- Posted by alpina_admin
- On 5th June 2017
- 0 Comments
- career advice, job interview tips
Everyone knows that preparation is the key to a good interview. You’ve researched the company, brushed up on your career history, thought of some great anecdotes. 50 minutes through and everything is going swimmingly. Your answers are smooth and in-depth, your rapport with the interviewer is excellent. You’ve nailed this! And then the interviewer asks which questions you’d like to ask and you realise your mind is blank…
The challenge is, those questions that you are invited to ask at interview are a crucial part of the process, and may well be the defining factor between a congratulatory phone call and a rejection email.
But it’s always hard to know which questions to ask. And even the best candidates may find that they switch from engaging, knowledgeable, confident and verbose to hesitant and uncomfortable in just a few seconds at this final stage of the interview.
Moving past the obvious
Every interviewer expects to hear the same basics. What’s the culture like here? How much international travel is required? Is there any flexibility over working from home?
But what they really want to hear at this point, is something that makes you stand out. Remember, the interviewer is likely to be tired at this point and may be mulling through the candidates interviewed in order to mentally assign the role to someone. Interview fatigue kicks in and hits hard. So you need to stand out by demonstrating your enthusiasm, keenness and strong fit for the role. At the same time, you have an opportunity to cancel out any concerns the interviewer might have about you, if you feel that you answered an earlier question poorly.
The top questions to ask
What are the biggest challenges I would face in this role?
This shows that you are direct and ready to tackle difficulties, rather than shy away from them. It also shows that you recognise the reality of any challenging role – that it won’t always be easy.
What are the biggest opportunities and challenges facing the company?
Give some examples of what you perceive these to be to show that you have thought it through. Then listen carefully. When the interviewer gives you some information, bounce it back with some context or thought. For example, he or she might say that the company is facing a skills shortage… to which you could comment on the Government’s skills agenda or the impact of Brexit on free worker movement. Show that you are always thinking strategically.
What teams would I work with day to day in my role? How big is the team that I’m joining?
This question will give you insight into whether the role will suit your preferred way of working. It will also flag you up as a team player.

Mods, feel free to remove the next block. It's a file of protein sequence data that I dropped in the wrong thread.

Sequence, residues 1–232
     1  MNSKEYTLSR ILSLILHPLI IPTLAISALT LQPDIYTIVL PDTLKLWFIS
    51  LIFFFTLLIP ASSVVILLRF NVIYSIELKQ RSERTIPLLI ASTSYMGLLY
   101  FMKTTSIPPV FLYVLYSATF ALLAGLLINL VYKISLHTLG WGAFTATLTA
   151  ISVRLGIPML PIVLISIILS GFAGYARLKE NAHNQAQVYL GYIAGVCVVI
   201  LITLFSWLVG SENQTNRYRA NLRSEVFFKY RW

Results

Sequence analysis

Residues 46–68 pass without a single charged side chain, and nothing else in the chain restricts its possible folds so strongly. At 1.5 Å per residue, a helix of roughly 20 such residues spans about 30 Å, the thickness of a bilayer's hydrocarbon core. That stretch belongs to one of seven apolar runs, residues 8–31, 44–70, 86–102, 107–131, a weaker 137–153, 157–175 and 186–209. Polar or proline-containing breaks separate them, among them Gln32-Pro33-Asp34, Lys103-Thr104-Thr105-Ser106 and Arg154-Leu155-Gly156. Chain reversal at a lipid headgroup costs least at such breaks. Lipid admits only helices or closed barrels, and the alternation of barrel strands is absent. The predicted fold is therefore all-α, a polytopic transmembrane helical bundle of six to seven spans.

How will the role progress in the next 2-3 years?
This demonstrates your ambition and enthusiasm, whilst displaying the fact that you are thinking about career progression within the company.
What would success in this role look like in the first three months?
This gives you crucial insight into what’s expected and shows the interviewer that you are driven by objectives and goals.
How did the role come about?
This demonstrates intellectual curiosity which is essential for any prospective business leader.
What skills will be most important to progress in this role?
Again, this provides vital insight into what really matters in the job. You may find that it looks rather different to the job description.
How would you describe the management style of the person I will report into?
If the interviewer is also the hiring manager, this gives you an opportunity to assess whether or not you would be a good fit in terms of style and personality. For example, if you prefer to work autonomously, watch out for any signs of micro-management. On the other hand, if you are a detail-oriented person, you may prefer a closer and more structured form of management.
What do you like most about working for this company?
This allows the interviewer to feel good at the end of the interview, as he or she mulls over all the positive reasons for being in-role. It also means that the interview ends with a good feeling. This could translate into good news for you at decision crunch-time.
Remember, our brains tend to remember what we first hear and what we last hear… with some of the content in between. Start and finish strong and you’ll be remembered – and hopefully receiving that congratulatory phone-call soon!
This article was written by Gary Reeman, MD, AlpinaSearch. If you’d welcome advice on accelerating your career at an exciting TMT scale-up, head over to www.alpinasearch.com/candidates